The good old days…when each January you could expect a short period of unseasonably mild weather to remove some, if not all, of the ice and snow from the golf course. The thaw might elicit some anxiety regarding subsequent ice accumulation across low lying areas of greens and fairways, but ice that forms during mid to late January rarely seals off the turf long enough to cause injury before spring. In general, the creepy fear of being impaled through the eye by one of the massive icicles that overhang the entrance to the shop was greater than the fear of losing turf from ice suffocation, especially as you look up and flail away at frozen stalactites with a four iron. It’s then you realize you are part of the generation that watched far too many Jason and Freddie movies.
The recent run of milder winters across the north central tier of states has definitely altered the scenario described above. By definition, can there really be a January thaw on a course that has no ice, snow or frost in the ground? Instead of icicles, we now fear a throng of hardy golfers who not only want to know if the course is open, but whether or not they can take a cart. Raking bunkers and changing hole locations are not high priorities when the entire winter staff of, at best, two or three employees are buried beneath a dozen or so disassembled mowers that are waiting patiently for winter sharpening and preventative maintenance.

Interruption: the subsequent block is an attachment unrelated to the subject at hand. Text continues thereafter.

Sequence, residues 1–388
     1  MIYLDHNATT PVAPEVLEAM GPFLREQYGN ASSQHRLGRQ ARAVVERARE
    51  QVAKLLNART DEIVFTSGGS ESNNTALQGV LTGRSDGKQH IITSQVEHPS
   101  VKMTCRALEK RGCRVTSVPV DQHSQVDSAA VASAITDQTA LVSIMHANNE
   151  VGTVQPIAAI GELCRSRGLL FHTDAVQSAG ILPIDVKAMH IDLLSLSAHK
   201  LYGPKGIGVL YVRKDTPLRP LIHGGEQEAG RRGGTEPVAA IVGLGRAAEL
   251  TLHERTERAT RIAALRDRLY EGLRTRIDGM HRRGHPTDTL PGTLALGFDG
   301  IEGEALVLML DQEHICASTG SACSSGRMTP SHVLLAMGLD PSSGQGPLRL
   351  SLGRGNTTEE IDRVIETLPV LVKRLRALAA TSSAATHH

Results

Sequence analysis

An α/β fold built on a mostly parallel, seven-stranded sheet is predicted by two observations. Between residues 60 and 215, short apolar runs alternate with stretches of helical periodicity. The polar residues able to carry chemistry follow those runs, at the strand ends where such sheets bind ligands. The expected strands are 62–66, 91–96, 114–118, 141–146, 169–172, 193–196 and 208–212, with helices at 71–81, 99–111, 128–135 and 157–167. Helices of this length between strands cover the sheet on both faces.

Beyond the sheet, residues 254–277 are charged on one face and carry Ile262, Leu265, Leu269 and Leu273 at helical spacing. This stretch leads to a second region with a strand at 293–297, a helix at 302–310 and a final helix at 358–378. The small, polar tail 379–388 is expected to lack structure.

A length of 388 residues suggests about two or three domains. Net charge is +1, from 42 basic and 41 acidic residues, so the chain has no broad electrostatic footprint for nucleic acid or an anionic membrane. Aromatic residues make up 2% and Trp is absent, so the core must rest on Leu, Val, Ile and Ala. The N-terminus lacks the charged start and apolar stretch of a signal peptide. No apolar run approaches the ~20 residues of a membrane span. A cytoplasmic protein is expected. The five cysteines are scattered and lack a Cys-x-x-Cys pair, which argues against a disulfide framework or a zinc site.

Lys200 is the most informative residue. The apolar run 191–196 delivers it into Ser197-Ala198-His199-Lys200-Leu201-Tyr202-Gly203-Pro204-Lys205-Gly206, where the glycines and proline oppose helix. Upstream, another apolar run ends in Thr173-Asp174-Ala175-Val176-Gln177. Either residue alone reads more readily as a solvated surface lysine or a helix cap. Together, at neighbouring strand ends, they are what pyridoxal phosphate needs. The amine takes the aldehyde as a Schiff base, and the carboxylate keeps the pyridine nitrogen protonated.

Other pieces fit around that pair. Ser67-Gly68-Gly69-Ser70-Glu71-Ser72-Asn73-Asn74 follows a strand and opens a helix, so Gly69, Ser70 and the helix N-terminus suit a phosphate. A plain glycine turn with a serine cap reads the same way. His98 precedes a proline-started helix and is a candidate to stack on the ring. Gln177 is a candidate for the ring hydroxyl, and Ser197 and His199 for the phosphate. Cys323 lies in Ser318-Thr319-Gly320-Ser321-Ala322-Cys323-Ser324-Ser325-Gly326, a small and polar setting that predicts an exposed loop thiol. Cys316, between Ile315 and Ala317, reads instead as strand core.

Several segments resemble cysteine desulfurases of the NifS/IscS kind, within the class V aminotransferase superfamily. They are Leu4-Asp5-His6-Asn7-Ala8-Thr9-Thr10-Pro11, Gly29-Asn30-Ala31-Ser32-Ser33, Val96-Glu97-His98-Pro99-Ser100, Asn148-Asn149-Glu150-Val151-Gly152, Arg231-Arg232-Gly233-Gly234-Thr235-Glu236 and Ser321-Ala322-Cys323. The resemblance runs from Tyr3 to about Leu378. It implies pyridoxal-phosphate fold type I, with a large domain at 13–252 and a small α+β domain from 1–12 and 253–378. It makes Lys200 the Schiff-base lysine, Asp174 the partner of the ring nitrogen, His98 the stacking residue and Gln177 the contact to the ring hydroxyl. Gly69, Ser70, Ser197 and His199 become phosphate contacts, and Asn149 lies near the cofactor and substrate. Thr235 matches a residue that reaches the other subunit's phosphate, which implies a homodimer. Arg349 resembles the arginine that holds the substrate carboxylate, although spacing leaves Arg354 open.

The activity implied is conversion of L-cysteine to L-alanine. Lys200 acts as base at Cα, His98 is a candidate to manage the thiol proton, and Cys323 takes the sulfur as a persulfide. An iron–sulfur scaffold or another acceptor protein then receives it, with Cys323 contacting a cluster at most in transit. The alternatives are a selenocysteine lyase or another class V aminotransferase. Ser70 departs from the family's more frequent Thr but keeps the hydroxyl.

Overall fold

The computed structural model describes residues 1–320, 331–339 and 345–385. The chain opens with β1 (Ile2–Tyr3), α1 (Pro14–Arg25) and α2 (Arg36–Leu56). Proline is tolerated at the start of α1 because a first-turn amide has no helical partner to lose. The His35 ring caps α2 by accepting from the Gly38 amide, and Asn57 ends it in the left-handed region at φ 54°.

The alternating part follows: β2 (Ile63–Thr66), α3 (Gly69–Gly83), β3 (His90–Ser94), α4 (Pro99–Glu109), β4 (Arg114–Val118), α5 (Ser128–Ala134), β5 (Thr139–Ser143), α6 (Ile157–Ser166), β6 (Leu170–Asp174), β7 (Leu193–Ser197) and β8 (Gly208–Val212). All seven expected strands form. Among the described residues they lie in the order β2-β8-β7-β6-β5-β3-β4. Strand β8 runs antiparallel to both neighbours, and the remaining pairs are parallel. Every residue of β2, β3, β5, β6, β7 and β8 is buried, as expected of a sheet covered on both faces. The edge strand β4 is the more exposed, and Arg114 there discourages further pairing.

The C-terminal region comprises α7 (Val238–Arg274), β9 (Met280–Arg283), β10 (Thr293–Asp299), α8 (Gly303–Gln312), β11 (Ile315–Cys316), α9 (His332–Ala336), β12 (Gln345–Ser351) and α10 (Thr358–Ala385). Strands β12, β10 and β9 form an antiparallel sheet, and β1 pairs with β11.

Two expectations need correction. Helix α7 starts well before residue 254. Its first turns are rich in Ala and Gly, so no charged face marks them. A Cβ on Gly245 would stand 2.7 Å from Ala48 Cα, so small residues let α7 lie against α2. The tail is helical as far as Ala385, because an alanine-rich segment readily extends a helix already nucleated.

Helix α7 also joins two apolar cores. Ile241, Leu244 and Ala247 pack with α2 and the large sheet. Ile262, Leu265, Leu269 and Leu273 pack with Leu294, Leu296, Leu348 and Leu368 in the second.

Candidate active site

No doubt, mild winters are a challenge for short-staffed facilities, yet they can be a blessing with respect to an opportunity for significant early season cash flow. However, don’t neglect the important task of sampling high risk areas of turf for winter injury, especially those in low lying, poorly drained areas of the course. Keep in mind that mild winter weather will accelerate the loss of winter hardiness and turf will be more susceptible to cold temperature and thaw/freeze injury. The short, but intense periods of frigid weather we have experienced so far this winter can be particularly stressful to Poa annua and perennial ryegrass playing surfaces. This problem is amplified when there is an absence of insulating snow cover. One day’s worth of rain followed by a rapid freeze can easily cause more turf injury than several months of ice suffocation.
Courses are finding it tempting to schedule revenue rich outside events earlier and earlier each spring in light of the warm March weather we have experienced during the past few seasons. Yet nothing will be worse than scheduling an outing and then cancelling it due to unanticipated winter injury. As mentioned above, monitoring areas of the course that have a history of winter injury is well worth the effort to provide peace of mind as winter transitions into spring. Visit the link below for a helpful, archived USGA update that describes a simple sampling procedure for frozen turf.
Source: Bob Vavrek, email@example.com or 262-797-8743